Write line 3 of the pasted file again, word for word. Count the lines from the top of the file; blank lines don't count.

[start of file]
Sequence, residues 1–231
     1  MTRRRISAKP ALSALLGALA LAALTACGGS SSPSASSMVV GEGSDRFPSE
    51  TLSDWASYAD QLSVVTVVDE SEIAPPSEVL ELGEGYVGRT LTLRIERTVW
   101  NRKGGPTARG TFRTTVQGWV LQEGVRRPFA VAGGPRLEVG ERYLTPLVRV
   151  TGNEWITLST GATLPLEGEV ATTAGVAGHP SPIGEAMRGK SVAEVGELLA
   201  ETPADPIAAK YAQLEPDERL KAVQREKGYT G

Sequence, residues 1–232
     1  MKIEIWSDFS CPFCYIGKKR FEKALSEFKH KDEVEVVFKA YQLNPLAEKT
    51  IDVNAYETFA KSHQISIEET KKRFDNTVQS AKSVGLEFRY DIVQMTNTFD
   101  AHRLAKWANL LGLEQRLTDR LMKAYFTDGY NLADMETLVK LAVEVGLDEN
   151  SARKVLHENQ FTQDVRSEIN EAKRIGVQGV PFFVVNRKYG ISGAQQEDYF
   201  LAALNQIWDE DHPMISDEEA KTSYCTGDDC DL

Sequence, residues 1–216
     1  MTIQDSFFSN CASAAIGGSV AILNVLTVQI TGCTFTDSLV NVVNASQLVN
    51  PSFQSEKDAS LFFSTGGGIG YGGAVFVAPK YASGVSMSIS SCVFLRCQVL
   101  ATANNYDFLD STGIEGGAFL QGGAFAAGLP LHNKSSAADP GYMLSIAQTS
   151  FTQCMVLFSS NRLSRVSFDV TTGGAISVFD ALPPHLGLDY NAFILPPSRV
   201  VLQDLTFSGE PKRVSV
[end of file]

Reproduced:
    51  TLSDWASYAD QLSVVTVVDE SEIAPPSEVL ELGEGYVGRT LTLRIERTVW